Since many people with autism are visual learners, visual activity schedules can be helpful. A visual schedule is a series of pictures, drawings, photos, or objects. The schedule can show steps in a process or a series of events. Since a schedule shows what will be happening, it helps a person with autism to be prepared for the transitions. As an example, a parent might make a visual schedule of the steps to getting ready for school in the morning.
What Does Research Say About Visual Schedules?
In a review of research published in 2015, researchers identified that visual activity schedules are supported by research to help with:
- Staying on-task during transitions,
- Making transitions independently,
- Starting a task quickly when asked to start it,
- Completely steps in a task correctly,
- Reducing the number of prompts needed to transitions between activities.
Additionally, the researchers reported that visual activity schedules can be used effectively with all ages and across the spectrum (“classic” autism and Asperger’s).
How Do You Teach Visual Schedules?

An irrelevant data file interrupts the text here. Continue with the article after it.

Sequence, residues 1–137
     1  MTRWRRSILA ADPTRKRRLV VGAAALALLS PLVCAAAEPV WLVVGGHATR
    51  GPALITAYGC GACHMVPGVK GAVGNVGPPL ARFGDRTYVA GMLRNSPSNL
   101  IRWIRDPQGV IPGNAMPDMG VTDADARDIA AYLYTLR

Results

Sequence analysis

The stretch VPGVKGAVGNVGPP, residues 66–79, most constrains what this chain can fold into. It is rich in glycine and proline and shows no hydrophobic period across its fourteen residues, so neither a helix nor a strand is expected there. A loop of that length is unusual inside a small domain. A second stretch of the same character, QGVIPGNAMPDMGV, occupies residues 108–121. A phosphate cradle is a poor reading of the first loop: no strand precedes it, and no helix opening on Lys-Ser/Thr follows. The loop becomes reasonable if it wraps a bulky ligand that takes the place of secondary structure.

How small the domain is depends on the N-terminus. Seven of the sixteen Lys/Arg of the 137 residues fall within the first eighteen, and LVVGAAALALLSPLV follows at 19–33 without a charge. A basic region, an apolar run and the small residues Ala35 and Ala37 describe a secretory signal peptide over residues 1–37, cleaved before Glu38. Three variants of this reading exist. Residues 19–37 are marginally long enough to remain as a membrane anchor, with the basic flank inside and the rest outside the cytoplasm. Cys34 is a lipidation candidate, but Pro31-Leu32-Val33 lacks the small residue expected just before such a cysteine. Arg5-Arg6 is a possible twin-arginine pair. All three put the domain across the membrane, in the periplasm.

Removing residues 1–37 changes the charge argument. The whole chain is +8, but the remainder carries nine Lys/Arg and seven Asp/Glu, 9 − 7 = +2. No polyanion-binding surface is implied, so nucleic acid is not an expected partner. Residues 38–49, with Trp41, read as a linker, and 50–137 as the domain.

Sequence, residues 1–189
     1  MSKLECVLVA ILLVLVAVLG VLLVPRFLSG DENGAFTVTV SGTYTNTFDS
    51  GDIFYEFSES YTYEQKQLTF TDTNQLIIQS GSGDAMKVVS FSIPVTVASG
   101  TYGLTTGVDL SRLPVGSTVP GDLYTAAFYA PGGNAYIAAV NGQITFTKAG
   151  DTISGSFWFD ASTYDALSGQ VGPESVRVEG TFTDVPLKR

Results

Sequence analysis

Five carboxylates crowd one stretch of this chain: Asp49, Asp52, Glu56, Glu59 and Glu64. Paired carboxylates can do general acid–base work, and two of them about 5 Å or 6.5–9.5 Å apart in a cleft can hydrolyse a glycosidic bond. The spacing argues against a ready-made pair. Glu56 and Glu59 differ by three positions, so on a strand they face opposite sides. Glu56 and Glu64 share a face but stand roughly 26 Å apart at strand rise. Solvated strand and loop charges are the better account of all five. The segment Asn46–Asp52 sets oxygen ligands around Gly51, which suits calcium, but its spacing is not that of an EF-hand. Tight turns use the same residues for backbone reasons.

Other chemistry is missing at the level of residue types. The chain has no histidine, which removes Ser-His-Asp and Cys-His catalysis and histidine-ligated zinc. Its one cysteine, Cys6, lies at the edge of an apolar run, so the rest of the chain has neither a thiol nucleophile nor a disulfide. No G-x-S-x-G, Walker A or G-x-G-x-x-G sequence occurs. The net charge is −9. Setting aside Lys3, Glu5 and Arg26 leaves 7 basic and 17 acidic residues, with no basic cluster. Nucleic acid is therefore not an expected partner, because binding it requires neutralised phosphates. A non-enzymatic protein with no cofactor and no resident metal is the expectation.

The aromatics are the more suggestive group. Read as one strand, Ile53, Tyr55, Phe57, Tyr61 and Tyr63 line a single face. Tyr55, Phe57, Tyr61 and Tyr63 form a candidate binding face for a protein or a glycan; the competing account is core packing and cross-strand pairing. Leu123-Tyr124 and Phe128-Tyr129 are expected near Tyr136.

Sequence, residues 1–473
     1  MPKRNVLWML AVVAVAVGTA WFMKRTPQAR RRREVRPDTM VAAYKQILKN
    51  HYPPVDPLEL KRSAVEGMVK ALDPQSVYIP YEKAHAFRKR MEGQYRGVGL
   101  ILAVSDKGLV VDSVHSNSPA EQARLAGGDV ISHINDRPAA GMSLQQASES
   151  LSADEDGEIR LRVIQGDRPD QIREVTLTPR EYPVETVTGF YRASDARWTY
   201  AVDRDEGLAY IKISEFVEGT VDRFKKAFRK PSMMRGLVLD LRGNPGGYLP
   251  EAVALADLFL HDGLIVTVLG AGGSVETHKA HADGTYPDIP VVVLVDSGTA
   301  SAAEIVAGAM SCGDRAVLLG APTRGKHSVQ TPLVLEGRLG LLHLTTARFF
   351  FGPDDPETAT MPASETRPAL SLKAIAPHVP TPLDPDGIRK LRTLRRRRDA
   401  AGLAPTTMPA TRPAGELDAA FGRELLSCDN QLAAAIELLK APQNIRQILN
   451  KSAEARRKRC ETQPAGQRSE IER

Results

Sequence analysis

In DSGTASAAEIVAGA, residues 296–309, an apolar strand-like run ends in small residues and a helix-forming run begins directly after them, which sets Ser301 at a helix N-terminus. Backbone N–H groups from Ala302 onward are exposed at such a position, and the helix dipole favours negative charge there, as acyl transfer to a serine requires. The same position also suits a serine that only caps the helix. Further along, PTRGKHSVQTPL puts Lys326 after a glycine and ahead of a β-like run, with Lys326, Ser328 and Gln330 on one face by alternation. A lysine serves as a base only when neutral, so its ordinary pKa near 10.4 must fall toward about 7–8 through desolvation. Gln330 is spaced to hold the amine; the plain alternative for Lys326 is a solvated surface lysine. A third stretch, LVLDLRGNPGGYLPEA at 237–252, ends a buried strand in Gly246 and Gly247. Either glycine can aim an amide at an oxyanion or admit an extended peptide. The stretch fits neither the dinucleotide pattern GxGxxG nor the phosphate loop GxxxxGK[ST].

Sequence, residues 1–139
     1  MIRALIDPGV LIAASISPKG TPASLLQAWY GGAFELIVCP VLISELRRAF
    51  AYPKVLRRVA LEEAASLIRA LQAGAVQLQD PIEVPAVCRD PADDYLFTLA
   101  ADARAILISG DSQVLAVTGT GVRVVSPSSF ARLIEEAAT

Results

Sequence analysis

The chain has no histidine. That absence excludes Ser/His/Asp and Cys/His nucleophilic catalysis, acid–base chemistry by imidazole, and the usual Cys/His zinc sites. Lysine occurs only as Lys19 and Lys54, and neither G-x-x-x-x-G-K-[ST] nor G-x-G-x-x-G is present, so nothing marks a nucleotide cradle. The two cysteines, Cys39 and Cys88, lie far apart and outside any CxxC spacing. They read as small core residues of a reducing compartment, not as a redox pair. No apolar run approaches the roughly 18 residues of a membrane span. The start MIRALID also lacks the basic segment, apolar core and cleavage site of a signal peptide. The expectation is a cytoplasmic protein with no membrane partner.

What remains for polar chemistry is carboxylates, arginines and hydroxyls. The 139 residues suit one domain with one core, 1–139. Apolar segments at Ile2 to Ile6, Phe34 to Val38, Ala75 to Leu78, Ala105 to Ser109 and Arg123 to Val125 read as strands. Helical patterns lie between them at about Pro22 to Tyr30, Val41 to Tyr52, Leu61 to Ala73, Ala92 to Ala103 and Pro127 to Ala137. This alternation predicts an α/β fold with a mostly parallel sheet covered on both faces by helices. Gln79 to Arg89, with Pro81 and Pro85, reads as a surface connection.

The research also shows that directly teaching students how to use the visual schedule is important. The student may not know how to use the schedule without direct instruction. Many of the studies they reviewed showed that, at first, prompts were used to show the students how to use the schedule. These could be verbal prompts (explaining how the schedule works), gestural prompts (using gestures to show how to transition between activities), or physical prompts (gently physically guiding the student through the transition when shown each picture). Reinforcement (such as praise, small pieces of favorite snacks, or other rewards) may also considered to be helpful. Rewards might be given for doing each step of the schedule or for completing the whole schedule, depending on how frequently each student needs rewards to keep motivated to participate.
There are also different ways to present schedules. Most of the research studies reviewed showed the schedule pictures one at a time, but some presented all of the pictures at once. It was recommended that younger students or students who have more “complex support needs” might benefit from the pictures being shown one at a time.
For more information, please read the complete research review:
"Evaluating Visual Activity Schedules as Evidence-Based Practice for Individuals with Autism Spectrum Disorders" by Victoria Knight, Emily Sartini, and Amy D. Spriggs
Journal: Journal of Autism and Developmental Disorders, Volume 45 (2015), pages 157-178. DOI: 10.1007/s10803-014-2201-z